- Must own or have a long-term lease on designated land where the facility will be located
- Must use the facility to address poverty through providing access to healthcare, education and economic development
- Recommended to have over 75% of project funds raised, or be able to provide detailed information about how fundraising will be achieved
- exceptions to this are 30/30 Project applicants who are applying for a portion of project funds
What is required to partner with CfC?
Before our Global Partnership Development team can consider your application, partner organizations must own the land or have a long-term lease where the facility will be located and be able to provide a land deed or proof of ownership. Also, it is highly recommended that the partner organization has already raised at least 75% of total project costs (50% for 30/30 Projects) prior to submitting an application to CfC.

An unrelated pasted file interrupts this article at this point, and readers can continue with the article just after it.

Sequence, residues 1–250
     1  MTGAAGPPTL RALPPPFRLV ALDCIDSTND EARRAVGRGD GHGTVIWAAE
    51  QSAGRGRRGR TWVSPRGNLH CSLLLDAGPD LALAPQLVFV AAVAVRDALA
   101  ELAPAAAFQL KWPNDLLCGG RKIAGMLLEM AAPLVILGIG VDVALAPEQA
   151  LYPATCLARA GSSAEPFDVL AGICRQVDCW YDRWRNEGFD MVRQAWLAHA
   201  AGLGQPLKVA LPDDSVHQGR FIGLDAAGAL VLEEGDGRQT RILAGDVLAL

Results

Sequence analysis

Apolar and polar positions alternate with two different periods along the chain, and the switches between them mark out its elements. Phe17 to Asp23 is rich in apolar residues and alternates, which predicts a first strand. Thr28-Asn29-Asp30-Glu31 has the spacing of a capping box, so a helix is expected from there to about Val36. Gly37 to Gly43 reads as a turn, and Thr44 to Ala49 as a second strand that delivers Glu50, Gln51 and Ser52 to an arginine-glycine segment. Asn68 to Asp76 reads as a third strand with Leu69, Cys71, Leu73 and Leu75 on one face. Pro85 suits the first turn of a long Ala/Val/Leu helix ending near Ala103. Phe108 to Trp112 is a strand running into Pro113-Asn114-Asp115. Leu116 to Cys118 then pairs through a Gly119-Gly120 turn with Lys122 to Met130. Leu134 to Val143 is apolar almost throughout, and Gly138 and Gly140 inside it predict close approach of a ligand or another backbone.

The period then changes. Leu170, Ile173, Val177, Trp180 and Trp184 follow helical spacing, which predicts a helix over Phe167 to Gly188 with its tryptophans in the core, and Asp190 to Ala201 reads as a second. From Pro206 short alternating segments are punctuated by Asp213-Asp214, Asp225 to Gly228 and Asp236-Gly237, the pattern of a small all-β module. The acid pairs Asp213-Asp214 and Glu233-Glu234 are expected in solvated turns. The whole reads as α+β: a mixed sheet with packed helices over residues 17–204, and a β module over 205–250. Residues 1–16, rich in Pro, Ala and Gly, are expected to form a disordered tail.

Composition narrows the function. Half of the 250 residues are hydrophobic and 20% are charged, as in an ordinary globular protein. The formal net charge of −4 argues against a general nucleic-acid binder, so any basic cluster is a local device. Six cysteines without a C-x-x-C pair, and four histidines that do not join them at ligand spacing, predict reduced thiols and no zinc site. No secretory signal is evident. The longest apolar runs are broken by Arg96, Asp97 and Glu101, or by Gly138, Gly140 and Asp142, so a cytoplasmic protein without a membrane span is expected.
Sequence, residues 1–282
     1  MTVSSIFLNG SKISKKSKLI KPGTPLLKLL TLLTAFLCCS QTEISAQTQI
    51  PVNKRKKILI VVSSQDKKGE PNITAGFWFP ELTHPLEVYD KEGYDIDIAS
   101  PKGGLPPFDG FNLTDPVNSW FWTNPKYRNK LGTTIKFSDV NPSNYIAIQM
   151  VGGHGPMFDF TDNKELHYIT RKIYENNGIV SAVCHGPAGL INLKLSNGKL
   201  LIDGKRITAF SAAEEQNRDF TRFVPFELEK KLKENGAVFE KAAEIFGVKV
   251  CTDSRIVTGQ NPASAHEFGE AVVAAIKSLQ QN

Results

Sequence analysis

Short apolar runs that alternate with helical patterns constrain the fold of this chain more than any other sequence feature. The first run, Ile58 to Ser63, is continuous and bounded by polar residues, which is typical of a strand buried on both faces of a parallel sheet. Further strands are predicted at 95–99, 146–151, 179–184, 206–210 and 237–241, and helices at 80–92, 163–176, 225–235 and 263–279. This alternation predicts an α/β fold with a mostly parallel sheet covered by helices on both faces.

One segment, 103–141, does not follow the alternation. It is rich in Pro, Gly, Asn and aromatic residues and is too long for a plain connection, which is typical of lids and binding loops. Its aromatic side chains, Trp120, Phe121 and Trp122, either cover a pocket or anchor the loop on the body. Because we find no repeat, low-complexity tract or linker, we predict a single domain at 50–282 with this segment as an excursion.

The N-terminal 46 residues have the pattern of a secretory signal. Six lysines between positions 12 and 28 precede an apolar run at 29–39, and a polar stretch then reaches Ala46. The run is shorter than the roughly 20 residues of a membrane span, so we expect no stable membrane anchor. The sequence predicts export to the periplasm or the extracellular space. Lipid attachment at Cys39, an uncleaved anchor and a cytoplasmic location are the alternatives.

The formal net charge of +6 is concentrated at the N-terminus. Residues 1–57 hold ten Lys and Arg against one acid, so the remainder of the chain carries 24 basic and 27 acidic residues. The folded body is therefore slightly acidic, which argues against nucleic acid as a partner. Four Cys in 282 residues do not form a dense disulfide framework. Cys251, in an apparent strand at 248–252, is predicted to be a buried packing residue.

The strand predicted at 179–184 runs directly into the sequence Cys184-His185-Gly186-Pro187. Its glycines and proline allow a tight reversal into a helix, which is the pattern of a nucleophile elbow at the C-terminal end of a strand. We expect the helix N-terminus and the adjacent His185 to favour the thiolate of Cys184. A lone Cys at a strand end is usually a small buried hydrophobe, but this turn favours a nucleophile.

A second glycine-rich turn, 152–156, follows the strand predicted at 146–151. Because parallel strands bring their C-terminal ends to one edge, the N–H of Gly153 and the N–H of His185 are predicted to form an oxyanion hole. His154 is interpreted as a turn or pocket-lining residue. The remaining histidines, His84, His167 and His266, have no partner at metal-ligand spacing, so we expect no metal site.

What does CfC provide for partners?
CfC can provide full pre-construction and construction management services, design and and/or design consultation, and on-site construction training and eduction. Every project will have one to two CfC volunteer project managers who live in the community for the duration of the project. They manage all of the construction with an emphasis on cost, quality controls, and training local residents new skills and trades. These services are available to all partners at a fraction of typical construction management costs. On an annual basis, one project is chosen to receive construction financing, awarded at our May Banquet.
What does the 30/30 Project provide for partners?
The 30/30 Project is a multi-year Construction for Change initiative dedicated to global healthcare access. The 30/30 Project can provide funding, up to 50% of a project budget, as well as funding for construction management through Construction for Change.
What types of projects do we build?
We give priority to medical facilities, schools and economic empowerment centers because of the people impacted and the direct result on improving quality of life for the people they serve. While we will consider other building projects, the facility must be used to advance healthcare, education and economic development in low-income communities.